How Voice Activated Search and Intelligent Agents Will Reshape the Search Landscape
This article is written by Ivan Roubtsov, Chief Marketing Officer of Clientspectrum
The way we search for products and services is facing a new horizon. According to a new Google study conducted by Northstar Research, approximately 50% of US teens and 41% of US adults use some form of voice activated search on a daily basis. So, as voice-activated searching starts playing a bigger role in the day-to-day, how is all of this going to impact digital advertising?
With products like Amazon Echo and Google Home, more people are starting to use voice commands for common search queries. With this notable spike in voice commands, voice-activated searching is about to go through another evolutionary phase; but this time, powered by the growth in smart speaker adoption.
Consider this; in past two years, Amazon sold approximately 8.2 million Echos – with over 3 million units sold during the 2016 holiday season. Voice Labs, a platform for Alexa and Google Assistant voice analytics, is projecting that in 2017 alone, roughly 24 million voice powered devices will sell to consumers across the globe.
How Does This Change Things for Consumers?
As consumers, our interactions with devices like Amazon Echo include tasks like ordering food, buying items off Amazon, and booking appointments. However, devices like Amazon Echo will eventually develop into intelligent agents that learn about their users and their product preferences. Any information that sharpens their search capabilities and offer generation will aggregate to their database.
So, the next time you order pizza, you will likely not find the need to specify from where, which kind, and which size you want – the smart speaker will have already registered your preferences. With similar learning mechanisms, smart speakers will eventually advise owners – with the addition of audience data from similar consumer groups – what potential products and services may be of interest to them.
Because intelligent agents will start becoming the ones responsible for placing purchase orders and advising product selection, the way marketers think about advertising goods and services will change – drastically. On the surface, it is easy to see how text-searching and voice-searching are fundamentally different. Instead of using keywords, voice activated searches focus on complete sentences to generate responses – something relatively new for marketers and the industry.
However, if we take a closer look, we see another, more important layer that drives the way we think about digital advertising. Ad optimization for humans is very visual and multimedia driven – color, text copy, and image composition all play a significant role when relaying a message to the consumer. With intelligent agents, such as smart speakers, it is all about data. Things like product description, affinity data, past purchase data, product feedback, pricing, and delivery time are becoming the new center for reference. After all, artificial intelligence (AI) will not care how appealing your display may be – it is only there to make decisions based on the database of attributes available.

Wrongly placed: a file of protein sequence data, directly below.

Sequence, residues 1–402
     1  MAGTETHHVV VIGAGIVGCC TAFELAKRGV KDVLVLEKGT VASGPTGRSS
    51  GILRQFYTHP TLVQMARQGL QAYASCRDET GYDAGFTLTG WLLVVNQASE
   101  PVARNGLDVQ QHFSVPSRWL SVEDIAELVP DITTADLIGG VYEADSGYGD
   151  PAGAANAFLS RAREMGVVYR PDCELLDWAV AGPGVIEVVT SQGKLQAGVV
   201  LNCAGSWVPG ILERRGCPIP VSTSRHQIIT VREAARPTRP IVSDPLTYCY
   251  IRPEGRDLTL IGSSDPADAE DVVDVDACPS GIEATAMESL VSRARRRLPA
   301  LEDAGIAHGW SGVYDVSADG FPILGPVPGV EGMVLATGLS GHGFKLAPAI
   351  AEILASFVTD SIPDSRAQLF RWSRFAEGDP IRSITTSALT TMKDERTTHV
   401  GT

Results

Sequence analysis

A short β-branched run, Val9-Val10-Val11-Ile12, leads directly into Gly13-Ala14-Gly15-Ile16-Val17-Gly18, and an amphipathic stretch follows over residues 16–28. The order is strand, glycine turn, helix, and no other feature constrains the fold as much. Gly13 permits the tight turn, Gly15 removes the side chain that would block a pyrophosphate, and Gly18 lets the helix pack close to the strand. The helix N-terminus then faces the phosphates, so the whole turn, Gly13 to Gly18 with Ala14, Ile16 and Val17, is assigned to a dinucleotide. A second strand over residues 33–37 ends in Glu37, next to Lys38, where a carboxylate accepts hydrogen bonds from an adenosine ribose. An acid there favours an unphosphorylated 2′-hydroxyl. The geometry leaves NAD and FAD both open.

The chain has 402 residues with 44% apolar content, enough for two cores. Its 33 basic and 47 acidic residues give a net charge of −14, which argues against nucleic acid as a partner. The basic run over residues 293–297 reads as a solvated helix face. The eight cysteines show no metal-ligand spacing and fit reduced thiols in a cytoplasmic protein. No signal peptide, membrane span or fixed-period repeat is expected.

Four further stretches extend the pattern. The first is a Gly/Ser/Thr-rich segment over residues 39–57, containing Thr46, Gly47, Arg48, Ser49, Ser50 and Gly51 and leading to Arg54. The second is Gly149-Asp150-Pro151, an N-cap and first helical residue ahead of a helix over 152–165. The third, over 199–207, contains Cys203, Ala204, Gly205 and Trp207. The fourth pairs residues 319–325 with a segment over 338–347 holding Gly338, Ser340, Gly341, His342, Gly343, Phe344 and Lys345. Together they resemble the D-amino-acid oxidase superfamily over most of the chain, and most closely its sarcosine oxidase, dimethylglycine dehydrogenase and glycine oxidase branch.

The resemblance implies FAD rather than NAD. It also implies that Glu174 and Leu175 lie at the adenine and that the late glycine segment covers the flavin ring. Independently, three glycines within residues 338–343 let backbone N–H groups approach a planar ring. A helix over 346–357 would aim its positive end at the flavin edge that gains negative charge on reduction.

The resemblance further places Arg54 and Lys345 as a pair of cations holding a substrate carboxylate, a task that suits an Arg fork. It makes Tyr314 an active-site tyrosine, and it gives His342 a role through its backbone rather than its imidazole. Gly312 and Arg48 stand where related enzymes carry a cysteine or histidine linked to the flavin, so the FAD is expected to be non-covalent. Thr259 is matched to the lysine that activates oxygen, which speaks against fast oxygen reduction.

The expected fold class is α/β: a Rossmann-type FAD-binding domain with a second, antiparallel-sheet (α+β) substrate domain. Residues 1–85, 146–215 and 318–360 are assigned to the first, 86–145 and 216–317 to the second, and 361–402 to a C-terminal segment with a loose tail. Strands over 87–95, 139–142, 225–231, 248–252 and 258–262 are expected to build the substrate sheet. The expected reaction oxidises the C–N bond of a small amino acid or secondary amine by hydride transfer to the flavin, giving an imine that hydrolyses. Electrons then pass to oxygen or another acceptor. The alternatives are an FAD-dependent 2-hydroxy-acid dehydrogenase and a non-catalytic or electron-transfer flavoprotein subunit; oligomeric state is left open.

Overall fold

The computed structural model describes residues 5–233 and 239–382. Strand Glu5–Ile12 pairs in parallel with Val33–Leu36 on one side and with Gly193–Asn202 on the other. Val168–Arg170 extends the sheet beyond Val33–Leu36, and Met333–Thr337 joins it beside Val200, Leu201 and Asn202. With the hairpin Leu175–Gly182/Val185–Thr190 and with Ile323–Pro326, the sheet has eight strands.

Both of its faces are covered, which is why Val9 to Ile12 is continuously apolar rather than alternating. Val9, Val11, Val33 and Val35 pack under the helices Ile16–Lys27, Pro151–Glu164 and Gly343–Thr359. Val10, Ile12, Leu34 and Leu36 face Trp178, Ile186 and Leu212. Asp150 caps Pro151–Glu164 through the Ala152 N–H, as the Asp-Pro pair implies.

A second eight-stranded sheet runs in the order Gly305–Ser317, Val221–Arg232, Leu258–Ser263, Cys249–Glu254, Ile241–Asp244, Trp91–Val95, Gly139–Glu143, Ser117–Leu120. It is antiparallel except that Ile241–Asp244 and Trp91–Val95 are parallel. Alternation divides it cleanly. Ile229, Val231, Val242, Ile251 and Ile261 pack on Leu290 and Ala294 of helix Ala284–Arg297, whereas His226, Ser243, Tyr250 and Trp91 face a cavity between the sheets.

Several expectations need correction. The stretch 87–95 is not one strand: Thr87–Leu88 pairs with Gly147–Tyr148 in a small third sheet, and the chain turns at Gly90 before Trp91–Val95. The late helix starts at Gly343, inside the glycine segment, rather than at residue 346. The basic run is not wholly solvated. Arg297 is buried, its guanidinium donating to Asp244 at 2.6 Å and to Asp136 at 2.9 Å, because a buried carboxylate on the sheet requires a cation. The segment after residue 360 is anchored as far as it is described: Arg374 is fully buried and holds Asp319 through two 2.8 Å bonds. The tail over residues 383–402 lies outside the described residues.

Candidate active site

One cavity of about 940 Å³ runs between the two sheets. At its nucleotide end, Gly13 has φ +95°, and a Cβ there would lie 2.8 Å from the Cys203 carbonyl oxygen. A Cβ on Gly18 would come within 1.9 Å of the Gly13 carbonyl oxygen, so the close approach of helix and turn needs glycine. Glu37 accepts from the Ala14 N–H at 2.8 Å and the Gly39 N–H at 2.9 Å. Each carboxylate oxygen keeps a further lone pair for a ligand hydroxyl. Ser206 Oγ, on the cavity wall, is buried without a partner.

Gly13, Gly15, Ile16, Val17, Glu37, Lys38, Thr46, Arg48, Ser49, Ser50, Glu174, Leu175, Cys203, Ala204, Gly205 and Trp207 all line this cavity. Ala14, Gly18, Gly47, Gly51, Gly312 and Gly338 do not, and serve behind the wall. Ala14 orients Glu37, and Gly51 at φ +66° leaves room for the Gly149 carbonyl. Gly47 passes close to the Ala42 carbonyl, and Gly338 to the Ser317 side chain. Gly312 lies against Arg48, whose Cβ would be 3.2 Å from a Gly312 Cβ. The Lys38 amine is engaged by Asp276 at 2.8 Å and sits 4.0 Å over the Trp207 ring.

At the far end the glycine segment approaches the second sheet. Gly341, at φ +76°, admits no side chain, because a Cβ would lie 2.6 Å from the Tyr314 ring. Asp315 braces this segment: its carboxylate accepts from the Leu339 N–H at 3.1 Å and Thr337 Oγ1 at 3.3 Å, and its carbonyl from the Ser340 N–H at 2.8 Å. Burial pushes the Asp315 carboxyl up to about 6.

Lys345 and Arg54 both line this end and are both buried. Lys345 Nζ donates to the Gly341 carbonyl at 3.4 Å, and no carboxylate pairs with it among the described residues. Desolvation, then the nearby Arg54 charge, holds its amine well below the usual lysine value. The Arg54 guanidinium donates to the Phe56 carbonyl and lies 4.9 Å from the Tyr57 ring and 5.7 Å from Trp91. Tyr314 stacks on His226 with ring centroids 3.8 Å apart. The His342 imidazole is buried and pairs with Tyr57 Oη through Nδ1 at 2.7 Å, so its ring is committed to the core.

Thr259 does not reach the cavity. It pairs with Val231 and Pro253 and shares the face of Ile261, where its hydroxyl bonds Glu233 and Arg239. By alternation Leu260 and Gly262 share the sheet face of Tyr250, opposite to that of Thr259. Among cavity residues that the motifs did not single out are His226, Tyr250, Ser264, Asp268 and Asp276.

There is another important aspect that, as a marketer, interests me very deeply. What happens with big “walled gardens” – a term for controlling user access to content in particular environments – behind voice powered devices and how fast are they going to adapt their technology to push promoted offers. If somebody is asking his or her Google Home device about a nearby pastry shop or dental clinic – is that individual going to see an advertised listing in the mix? The same way text-based search is a good indicator of intent, voice inquiries would be an even better gauge of product interest or the intent to buy. It will be interesting to see if voice queries as impressions will trade as commodities in live auctions across different ad exchanges.
As a local store or large business, how worth it would it be to make sure that my listings appear at the top of the list of available options? What would be the opportunity cost for not taking part of this movement? Sure, there will always be an abundance of organic opportunities for local businesses; but, just like traditional searching, it would be naive to think there will not be an equivalent of search ads for this new emerging channel. Like it or not, voice activated search without a screen is now a channel on its own – same as the ‘internet of things’ and programmatic TV – this is one more channel that adds another layer of complexity to the marketing mix.
I want to end this article with one more question directed to the marketing cloud platforms of the world: “How are you planning to adjust to this new channel, and are you going to provide marketers with the tools and functionalities to interact and leverage this channel?”